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The Treasury will lead a review into the costs of decarbonisation, the business and energy secretary, Greg Clark, has revealed in a statement to parliament.

The announcement follows yesterday’s pledge to set a legally binding target of reducing greenhouse gas emissions to net zero by 2050. An amendment to the 2008 Climate Change Act has since been tabled by the government.

“The Committee [on Climate Change] has concluded that a net-zero 2050 target is feasible, deliverable and can be met within the exact same cost envelope of one to two per cent of GDP in 2050 as the 80 per cent target when that was set,” Clark told the House of Commons.

“Such has been the power of innovation in reducing costs.

“It is, however, absolutely right that we should look carefully at how such costs are distributed in the longer term as professor Dieter Helm recommended in his report to the government.

“So the government is also today (12 June) accepting the recommendation of the Committee on Climate Change for the Treasury to lead a review into the costs of decarbonisation and this will consider how to achieve the transition to net zero in a way that works for households, businesses and public finances.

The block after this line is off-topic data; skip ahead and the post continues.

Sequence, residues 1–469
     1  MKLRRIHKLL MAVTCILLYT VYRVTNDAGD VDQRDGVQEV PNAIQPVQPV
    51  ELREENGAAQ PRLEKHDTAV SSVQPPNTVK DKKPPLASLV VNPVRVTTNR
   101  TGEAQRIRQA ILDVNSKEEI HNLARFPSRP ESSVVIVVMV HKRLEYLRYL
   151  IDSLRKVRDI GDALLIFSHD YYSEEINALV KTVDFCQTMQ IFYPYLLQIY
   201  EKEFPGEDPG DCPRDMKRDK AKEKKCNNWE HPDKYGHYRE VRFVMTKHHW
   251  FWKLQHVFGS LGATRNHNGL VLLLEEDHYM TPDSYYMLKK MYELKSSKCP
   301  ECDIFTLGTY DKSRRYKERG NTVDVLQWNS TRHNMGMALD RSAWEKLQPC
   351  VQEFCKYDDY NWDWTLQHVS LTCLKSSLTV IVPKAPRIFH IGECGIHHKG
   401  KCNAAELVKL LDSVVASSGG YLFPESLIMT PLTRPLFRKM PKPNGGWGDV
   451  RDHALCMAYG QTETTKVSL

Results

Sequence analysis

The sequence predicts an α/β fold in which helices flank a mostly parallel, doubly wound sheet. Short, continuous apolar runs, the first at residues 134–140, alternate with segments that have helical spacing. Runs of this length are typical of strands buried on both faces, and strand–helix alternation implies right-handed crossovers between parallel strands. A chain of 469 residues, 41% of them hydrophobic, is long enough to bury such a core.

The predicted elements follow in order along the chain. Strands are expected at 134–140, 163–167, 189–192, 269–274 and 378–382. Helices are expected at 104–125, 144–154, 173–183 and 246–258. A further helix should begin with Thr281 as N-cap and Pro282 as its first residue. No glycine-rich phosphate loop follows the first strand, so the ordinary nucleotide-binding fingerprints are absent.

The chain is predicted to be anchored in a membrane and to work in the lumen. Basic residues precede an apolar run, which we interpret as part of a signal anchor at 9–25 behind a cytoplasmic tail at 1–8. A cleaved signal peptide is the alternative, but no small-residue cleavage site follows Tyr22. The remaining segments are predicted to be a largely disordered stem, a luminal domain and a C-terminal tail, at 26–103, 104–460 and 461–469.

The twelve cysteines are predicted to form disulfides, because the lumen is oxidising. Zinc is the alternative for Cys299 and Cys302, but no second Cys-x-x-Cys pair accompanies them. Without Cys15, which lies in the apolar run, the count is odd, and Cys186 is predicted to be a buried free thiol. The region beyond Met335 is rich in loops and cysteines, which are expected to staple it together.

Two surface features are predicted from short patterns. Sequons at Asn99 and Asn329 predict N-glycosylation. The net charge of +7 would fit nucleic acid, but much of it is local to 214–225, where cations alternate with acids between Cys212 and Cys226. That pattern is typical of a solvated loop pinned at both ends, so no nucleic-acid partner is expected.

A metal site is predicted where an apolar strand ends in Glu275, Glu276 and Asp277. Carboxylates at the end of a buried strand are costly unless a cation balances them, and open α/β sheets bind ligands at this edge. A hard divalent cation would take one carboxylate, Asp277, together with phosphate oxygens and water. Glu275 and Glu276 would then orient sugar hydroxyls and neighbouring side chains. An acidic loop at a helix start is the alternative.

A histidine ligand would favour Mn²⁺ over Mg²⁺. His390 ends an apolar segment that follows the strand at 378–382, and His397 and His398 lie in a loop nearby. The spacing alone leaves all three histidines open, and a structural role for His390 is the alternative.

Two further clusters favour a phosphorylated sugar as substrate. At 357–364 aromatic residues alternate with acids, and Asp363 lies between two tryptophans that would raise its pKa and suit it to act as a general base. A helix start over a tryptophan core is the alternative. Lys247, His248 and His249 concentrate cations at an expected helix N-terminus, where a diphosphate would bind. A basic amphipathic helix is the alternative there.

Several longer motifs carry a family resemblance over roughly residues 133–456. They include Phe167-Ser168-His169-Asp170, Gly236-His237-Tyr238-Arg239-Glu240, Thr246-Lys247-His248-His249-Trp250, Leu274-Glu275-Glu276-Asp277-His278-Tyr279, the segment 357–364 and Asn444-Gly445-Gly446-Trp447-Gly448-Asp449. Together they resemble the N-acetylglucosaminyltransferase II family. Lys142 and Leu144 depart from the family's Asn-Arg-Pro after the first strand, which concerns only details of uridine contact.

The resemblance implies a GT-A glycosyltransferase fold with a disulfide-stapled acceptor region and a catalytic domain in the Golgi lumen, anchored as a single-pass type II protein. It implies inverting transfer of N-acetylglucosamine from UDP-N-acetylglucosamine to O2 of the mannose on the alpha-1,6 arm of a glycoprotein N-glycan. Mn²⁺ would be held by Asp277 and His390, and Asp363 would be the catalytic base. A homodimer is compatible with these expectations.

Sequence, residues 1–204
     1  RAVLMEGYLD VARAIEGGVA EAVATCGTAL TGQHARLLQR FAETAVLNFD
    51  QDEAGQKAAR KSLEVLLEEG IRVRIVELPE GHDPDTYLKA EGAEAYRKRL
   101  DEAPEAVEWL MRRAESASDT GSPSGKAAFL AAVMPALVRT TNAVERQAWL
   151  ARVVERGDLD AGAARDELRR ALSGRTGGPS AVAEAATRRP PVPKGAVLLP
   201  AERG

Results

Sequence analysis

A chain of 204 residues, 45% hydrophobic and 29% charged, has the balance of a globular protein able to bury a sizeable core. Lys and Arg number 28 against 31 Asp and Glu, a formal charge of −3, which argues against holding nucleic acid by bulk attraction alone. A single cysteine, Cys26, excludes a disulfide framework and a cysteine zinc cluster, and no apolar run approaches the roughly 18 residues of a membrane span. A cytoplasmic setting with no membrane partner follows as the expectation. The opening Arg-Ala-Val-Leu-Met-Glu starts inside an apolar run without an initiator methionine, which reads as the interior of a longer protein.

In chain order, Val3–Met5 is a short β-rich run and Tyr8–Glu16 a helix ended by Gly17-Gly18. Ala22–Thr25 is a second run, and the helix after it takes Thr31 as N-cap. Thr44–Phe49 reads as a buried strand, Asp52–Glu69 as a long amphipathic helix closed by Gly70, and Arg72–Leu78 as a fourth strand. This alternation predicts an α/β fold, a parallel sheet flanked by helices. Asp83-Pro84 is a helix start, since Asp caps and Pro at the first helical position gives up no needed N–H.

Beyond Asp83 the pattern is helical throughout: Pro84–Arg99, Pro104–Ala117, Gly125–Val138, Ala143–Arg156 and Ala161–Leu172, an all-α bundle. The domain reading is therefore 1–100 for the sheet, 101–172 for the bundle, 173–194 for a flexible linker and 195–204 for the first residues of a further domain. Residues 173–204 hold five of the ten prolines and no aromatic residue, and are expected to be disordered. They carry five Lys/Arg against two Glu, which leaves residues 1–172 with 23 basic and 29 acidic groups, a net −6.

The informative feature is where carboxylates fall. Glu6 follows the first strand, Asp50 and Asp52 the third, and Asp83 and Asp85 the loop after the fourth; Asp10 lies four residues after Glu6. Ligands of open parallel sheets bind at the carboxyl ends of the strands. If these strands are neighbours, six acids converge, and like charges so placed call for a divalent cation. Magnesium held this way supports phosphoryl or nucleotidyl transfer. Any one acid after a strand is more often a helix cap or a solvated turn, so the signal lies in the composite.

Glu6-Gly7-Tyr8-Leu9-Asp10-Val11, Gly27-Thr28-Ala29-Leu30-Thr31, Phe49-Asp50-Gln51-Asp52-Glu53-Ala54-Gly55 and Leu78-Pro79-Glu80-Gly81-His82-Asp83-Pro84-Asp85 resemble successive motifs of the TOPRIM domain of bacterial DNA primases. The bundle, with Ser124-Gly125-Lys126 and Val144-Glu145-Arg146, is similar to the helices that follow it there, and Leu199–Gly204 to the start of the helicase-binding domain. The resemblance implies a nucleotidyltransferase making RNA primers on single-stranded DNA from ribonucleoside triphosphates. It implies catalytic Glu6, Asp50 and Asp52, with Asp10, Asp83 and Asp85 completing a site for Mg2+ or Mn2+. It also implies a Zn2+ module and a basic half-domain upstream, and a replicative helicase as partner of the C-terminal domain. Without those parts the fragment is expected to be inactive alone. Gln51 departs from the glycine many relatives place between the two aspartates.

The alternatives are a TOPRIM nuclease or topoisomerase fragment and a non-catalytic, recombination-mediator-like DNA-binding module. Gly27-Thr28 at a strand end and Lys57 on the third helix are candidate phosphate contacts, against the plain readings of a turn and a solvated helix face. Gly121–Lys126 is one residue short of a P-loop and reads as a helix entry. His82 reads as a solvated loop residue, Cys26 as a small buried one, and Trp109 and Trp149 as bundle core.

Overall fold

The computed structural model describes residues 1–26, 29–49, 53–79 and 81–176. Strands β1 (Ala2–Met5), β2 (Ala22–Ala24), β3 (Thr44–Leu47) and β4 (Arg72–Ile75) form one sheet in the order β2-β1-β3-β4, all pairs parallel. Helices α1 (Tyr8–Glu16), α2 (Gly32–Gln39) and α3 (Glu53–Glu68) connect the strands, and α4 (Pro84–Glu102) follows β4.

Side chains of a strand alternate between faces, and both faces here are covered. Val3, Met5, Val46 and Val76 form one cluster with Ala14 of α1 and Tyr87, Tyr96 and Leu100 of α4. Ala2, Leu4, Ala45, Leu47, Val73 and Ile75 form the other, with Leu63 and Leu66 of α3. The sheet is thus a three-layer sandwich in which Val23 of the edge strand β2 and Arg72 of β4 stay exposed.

“It will also consider the implications for our UK competitiveness.”

Clark gave reassurances the government will not use carbon credits from other countries in order to achieve the goal.

“I believe that by leading the world and harnessing the power of innovative new technologies, we can seize the full economic potential of building a competitive climate-neutral economy,” he explained.

“But we don’t intend for a moment for this to be simply a unilateral action. If we are to meet the challenge of climate change, we need international partners across the world to step up to this level of ambition.

“And while we retain the ability in the [Climate Change] Act to use international carbon credits that contribute to actions in other countries, we want them to take their own actions and we do not intend to use them.”

But he also said the government will review the net-zero target within five years to ensure that other countries are taking “similarly ambitious action” and that UK businesses do not face “unfair competition”.

Ministers were recently accused of trying to “fiddle” the existing targets after deciding to carry over part of the surplus from the second carbon budget to subsequent accounting periods.

The Committee on Climate Change has warned that policies to support decarbonisation will need to be “ramped up significantly” if the UK is to reach net zero emissions by 2050. According to analysis by the Energy Systems Catapult, this will require the installation of low-carbon heating systems in millions of homes over the next decade.